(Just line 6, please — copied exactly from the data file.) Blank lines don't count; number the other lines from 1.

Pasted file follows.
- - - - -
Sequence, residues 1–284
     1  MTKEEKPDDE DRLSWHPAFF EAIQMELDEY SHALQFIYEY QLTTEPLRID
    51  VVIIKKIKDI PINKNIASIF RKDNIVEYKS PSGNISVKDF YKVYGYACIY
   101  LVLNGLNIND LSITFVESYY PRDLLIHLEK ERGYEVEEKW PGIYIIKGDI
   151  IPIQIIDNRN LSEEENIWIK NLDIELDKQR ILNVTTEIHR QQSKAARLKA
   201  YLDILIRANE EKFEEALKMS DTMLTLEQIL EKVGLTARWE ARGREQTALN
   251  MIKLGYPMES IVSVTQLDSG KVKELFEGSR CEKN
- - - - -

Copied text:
   201  YLDILIRANE EKFEEALKMS DTMLTLEQIL EKVGLTARWE ARGREQTALN